, Volume 14, Issue 1, pp 1-8
Date: 03 Feb 2011

For or against: the importance of variation in growth rate for testing the EICA hypothesis

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Abstract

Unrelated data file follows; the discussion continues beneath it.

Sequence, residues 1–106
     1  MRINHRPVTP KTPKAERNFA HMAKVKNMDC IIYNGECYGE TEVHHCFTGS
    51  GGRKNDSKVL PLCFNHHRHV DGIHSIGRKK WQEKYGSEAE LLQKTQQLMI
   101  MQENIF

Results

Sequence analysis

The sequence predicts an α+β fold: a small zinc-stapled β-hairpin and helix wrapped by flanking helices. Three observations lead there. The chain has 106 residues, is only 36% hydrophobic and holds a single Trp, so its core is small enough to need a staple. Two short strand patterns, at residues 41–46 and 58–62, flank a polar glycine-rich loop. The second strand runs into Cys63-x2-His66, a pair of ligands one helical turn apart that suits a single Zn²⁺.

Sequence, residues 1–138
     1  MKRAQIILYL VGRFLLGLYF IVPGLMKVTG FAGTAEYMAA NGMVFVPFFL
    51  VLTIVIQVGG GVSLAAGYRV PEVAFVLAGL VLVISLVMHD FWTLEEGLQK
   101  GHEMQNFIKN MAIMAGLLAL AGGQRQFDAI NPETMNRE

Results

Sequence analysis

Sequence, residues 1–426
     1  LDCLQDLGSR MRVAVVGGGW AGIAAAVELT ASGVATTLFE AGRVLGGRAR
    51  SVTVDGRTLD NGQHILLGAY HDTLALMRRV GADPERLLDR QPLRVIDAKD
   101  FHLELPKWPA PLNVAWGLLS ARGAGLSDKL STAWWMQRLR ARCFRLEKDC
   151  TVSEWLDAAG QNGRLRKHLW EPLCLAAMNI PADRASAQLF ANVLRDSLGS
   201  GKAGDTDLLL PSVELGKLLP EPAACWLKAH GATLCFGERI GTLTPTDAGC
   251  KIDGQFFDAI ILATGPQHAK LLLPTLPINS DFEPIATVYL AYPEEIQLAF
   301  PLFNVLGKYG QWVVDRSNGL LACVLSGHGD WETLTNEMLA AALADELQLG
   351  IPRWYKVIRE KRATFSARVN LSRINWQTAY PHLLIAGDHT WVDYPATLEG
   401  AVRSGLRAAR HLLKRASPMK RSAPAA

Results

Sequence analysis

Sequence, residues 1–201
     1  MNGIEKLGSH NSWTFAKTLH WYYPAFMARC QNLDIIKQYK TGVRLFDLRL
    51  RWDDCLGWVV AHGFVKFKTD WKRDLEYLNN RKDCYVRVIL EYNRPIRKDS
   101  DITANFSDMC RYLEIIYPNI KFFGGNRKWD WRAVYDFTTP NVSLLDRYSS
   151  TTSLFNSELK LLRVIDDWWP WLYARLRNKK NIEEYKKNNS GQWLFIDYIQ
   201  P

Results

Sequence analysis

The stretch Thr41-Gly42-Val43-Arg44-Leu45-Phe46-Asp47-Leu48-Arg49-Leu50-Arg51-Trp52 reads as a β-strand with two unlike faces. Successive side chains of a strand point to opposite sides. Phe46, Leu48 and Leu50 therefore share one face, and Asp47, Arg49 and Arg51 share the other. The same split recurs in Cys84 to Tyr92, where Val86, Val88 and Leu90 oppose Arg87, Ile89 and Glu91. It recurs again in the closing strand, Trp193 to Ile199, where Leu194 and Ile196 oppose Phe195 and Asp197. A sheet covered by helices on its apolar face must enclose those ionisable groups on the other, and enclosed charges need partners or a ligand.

The evolution of increased competitive ability (EICA) hypothesis proposes that invasive species evolve decreased defense and increased competitive ability following natural enemy release. Previous studies have found evidence both for and against EICA. The resource-enemy release hypothesis (R-ERH) suggests that fast-growing species may experience stronger enemy release than slow-growing species. On the basis of R-ERH, the prediction of EICA will be held true for slow-growing genotypes, i.e., the slow-growing genotypes from the introduced range will be less resistant to herbivory and grow faster than those from the home range; while the EICA will not be held for fast-growing genotypes, i.e., there will be no significant differences in growth and defense traits between the introduced and native fast-growing genotypes. We tested these predictions preliminarily using five populations of the invasive plant Alternanthera philoxeroides. This species has two varieties in its home range, which showed a distinct growth-defense strategy: the northern A. p. var. acutifolia (Apa) had higher growth rate but lower resistance, while the southern A. p. var. obtusifolia (Apo) had lower growth rate but higher resistance level. Our results suggest that the EICA hypothesis is consistent with the slow-growing Apo, but not with the fast-growing Apa. We suggest that evolutionary changes in growth or resistance following enemy release are influenced by variation in growth rate within an invasive alien plant. These findings have important implications for the EICA hypothesis, and may partially explain why previous studies have found evidence both for and against EICA.